“The sound of the scissors cutting the flesh between Soraya Miré’s legs is a sound she will never forget” (Ottney, 2012). What Soraya Miré was experiencing was Female Genital Mutilation (FGM), the procedure by which all or some of the female sex organs are removed. The history of this ritual is long, and the effects are not only physical it has many long-lasting mental and psychological consequences.
The practice of FGM on infants, girls, and adolescents predates Islam and Christianity. Strong evidence points to FGM being practiced in the times of the Pharaohs. Some of the earliest instances of FGM have been found in the tombs of female mummies in Egypt (Nielson, 2010). Today the World Health Organization (WHO) (2012) website states that the women and girls who are most at risk for this procedure dwell in western, eastern, and north-eastern regions of Africa, in some countries in Asia and the Middle East, and among migrants from these areas. However, there was a small window of time at the end of April 2010 in the United States that gave permission to Pediatrics Doctors to perform a version of FGM. According to Belluck (2010) the American Academy of Pediatrics “suggested that American doctors be given permission to perform a ceremonial pinprick or “nick” on girls from these cultures if it would keep their families from sending them overseas for the full circumcision.” Modern societies reasoning for continuing this practice share some of the same reason as the ancient Egyptian. There is a mix of cultural and religious beliefs although there is no scripture that can be found to condone this treatment. Many of the cultures involved believe FGM is necessary to maintain health, secure ones virginity, and obtain a husband, fertility, marital fidelity, beauty, financial, and initiation to becoming a woman.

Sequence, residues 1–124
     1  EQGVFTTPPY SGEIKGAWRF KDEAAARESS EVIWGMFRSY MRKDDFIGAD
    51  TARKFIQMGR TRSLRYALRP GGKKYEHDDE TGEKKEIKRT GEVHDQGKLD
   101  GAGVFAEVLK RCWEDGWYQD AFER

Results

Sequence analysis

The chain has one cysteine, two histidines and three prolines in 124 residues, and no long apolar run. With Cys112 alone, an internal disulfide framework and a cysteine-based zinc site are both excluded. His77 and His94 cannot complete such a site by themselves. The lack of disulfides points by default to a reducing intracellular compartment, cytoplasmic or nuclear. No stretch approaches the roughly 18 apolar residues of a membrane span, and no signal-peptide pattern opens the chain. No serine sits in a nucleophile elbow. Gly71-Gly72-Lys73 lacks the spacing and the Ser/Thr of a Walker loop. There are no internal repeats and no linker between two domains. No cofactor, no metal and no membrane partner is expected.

Female Genital Mutilation is generally performed girls/women range in age from infancy to 15. However, if a woman has refused the surgery previously husbands and midwifes have been known to carry out this procedure when a woman is giving birth. Some of the tools most commonly used to implement this surgery are dirty razors, scissors, stones, and broken glass. The there is no anesthetics used, the girl/woman is held down by the women in her community, this usually consist of her mother, sisters, aunts, and grandmother or better known as the people most trusted in the young girls life. I peered between my legs and saw the gypsy. The old woman looked at me sternly, a dead look in her eyes, then foraged through an old carpetbag. She reached inside with her long fingers and fished out a broken razor blade. I saw dried blood on the jagged edge. She spit on it and wiped it on her dress. While she was scrubbing, my world went dark as Mama tied a blindfold over my eyes.
The next thing I felt was my flesh being cut away. I heard the blade sawing back and forth through my skin. The feeling was indescribable. I didn't move, telling myself the more I did, the longer the torture would take. Unfortunately, my legs began to quiver and shake uncontrollably of their own accord, and I prayed, Please, God, let it be over quickly. Soon it was, because I passed out.
When I woke up, my blindfold was off and I saw the gypsy woman had piled a stack of thorns from an acacia tree next to her. She used these to puncture holes in my skin, and then poked a strong white thread through the holes to sew me up. My legs were completely numb, but the pain between them was so intense that I wished I would die.
My memory ends at that instant; until I opened my eyes the woman was gone. My legs had been tied together with strips of cloth binding me from my ankles to my hips so I couldn’t move. I turned my head toward the rock; it was drenched with blood as if an animal had been slaughtered there. Pieces of my flesh lay on top, drying in the sun (Dirie, 1999).
FGM can have a profound,